Atlas F1 The Senna Trial:
The Final Curtain

  by Roger Horton, England

When appeal court president Francesco Mario Agnoli finally handed down his verdict and acquitted Williams technical chief Patrick Head and ex-designer Adrian Newey of all charges brought against them resulting from the death of Ayrton Senna, it effectively ended the legal process resulting from the Brazilian's death. In the end, the judge ruled that there was 'no proof of blame'.

Despite the fact that the matter is no longer before the Italian courts, such has been the controversy surrounding just what took place in the seconds between Senna crossing the start-finish line to commence that last fatal lap, and the contact with the wall that would lead to his death at the exit of the Tamburello curve, that even now, some five years later, the speculation continues.

It is somehow tragically fitting that Ayrton Senna, who was perhaps the most enigmatic and controversial Formula One driver of all time, should have died the way he lived - surrounded by yet more controversy. It is another layer of tragedy, that despite all the investigations and time that has passed, we are still left wondering just why did Senna's car leave the track, and is a criminal trial the best way to find out the truth?

To reduce the thousands of pages of evidence from the prosecution and defence lawyer's cases to a few simple lines can be dangerous but it would appear that there can be only two possible reasons for the crash that killed Ayrton Senna. That, as the prosecution contended, the steering column broke under the lateral strain as he rounded the Tamburello curve, and that the breakage of the column was caused by the negligence of the Williams team and therefore they caused his death.

Or, that it was just an accident, a combination of circumstances that all added up to Senna loosing control and paying the ultimate price. The fact that the car bottomed heavily on some bumps (made worse by the fact that the car was running lower than usual due to prolonged running behind the safety-car, allowing its tyres to cool) complicated the issue for all concerned.

All through the hearings the Williams team never expressed a firm conviction as to the cause of the accident, just that it could not have been steering failure as they had been receiving telemetry from the steering system right up until the point of impact.

The overwhelming feeling generated from these proceedings was that the court - as was its duty - was trying to pin blame and not trying to find the cause. The investigation prior to the trial had been thorough and well prepared, accumulating a huge amount of information that pointed firmly towards the breakage of the steering column causing the crash. But when the prosecution failed to prove, to the judge's satisfaction, that the defendants had actually personally handled the modifications that are alleged to have caused the breakage, their case collapsed.

This Italian trial, though, has raised many other issues as the Formula One business enters the 21st century. Just how fitting is it that a criminal trial should result from a racing driver getting killed in a racing car? Drivers have been getting killed this way since the very start of organised racing. Isn't this part of the sport? Surprisingly, perhaps, the Formula One community is divided on this issue. Frank Williams, the man who perhaps had the most to lose from this whole process, was never in any doubt; "The law is above motor sport," was his phlegmatic response when questioned about the trial.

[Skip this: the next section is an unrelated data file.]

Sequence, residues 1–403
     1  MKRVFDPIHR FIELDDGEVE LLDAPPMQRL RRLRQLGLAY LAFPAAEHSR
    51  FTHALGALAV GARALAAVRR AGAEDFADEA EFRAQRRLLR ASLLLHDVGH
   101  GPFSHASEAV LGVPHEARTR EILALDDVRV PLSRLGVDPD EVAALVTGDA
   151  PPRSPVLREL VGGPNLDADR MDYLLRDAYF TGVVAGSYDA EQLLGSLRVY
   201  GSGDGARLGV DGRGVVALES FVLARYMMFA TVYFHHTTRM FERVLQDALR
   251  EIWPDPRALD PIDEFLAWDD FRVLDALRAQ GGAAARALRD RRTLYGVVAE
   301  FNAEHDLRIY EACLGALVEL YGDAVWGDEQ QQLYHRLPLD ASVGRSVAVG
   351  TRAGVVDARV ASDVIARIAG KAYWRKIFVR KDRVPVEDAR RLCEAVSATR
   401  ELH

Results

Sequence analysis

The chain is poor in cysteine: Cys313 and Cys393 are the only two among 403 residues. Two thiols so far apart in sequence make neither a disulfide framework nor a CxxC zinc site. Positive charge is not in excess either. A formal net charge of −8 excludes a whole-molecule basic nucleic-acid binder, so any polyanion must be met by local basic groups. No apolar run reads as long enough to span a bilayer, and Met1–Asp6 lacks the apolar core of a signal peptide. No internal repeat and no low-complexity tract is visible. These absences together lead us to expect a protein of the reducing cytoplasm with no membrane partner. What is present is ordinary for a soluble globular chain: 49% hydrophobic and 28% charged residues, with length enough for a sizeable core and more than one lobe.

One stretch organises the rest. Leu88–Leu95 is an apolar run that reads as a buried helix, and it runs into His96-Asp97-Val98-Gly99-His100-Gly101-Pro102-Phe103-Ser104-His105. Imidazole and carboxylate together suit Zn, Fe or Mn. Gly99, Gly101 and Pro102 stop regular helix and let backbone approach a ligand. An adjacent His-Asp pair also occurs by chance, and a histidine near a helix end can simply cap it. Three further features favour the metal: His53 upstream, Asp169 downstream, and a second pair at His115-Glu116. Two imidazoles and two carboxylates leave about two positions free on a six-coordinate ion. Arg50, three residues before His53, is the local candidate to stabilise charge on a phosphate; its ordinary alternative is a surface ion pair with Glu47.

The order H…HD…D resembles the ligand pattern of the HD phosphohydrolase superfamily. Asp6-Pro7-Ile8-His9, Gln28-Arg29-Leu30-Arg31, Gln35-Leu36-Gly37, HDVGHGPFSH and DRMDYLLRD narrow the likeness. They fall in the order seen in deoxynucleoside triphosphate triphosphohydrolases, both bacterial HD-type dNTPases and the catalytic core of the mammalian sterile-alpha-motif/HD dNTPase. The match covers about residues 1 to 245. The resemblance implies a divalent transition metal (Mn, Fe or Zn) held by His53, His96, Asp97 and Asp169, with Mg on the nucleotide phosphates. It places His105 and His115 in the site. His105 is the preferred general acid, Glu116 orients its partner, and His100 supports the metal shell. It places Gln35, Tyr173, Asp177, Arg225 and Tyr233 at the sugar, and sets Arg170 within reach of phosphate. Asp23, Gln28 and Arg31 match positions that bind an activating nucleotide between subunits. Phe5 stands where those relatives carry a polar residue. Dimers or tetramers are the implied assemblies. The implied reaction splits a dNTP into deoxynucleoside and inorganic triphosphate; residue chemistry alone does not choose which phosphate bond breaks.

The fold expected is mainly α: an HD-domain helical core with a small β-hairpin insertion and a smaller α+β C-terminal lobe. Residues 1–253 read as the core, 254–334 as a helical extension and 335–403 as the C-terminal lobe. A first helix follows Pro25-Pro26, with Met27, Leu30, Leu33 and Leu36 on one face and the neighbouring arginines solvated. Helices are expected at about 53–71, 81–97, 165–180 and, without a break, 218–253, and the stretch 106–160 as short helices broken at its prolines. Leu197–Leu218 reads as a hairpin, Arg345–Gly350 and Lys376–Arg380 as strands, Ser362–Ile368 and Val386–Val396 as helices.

On the other hand, FIA president Max Mosely was quoted as stating that, "Nothing useful came out of the legal case. In fact, it was a great hindrance to any work on safety, because by impounding the car and all the equipment and everything relevant thereto, they prevented us from looking at it, and just wasted everybody's time."

Flavio Briatore, previously team boss of the Benetton team, had said that if Williams, or anyone else, was convicted, his team would have boycotted both the Grands Prix held in Italy - an important chunk of the racing calendar. "I would not risk bringing my team to a country that can convict you for an accident. Fatality is part of the game," he said.

Just how much crashes are a part of the game is all too common for the keen observer of the Grand Prix scene and hardly a race weekend passes without at least some incident that could lead to potentially fatal consequences given an unfortunate throw of the dice.

A few races after the events at Imola, Damon Hill suffered a potentially catastrophic mechanical failure during the opening practice session for the British race. Driving for the Williams team as Senna had been, Hill's car came clattering to a stop just moments after leaving the pits when both front top wishbones came away from their mounting points. A "car assembly problem" was the official reason given. Put simply, someone messed up and a driver's life was endangered.

Fortunately the accident was minor and the incident was soon forgotten except perhaps by the driver during quiet moments when thoughts of the possible consequences had the same thing happened at Spa-Francorchamps and he had been entering Eau Rouge at a sedate 250 km/h, even on an out-lap.

During the '99 German Grand Prix Saturday practice session at Hockenheim, Johnny Herbert was extremely lucky to walk away when the rear wing failed on his Stewart-Ford whilst he was at maximum speed in top gear. His car had already suffered two rear wing fractures during the Friday practice so clearly the team had a design problem of some description on their hands, but teams just can't pack up and go home in this type of situation. The team works it out and the driver drives.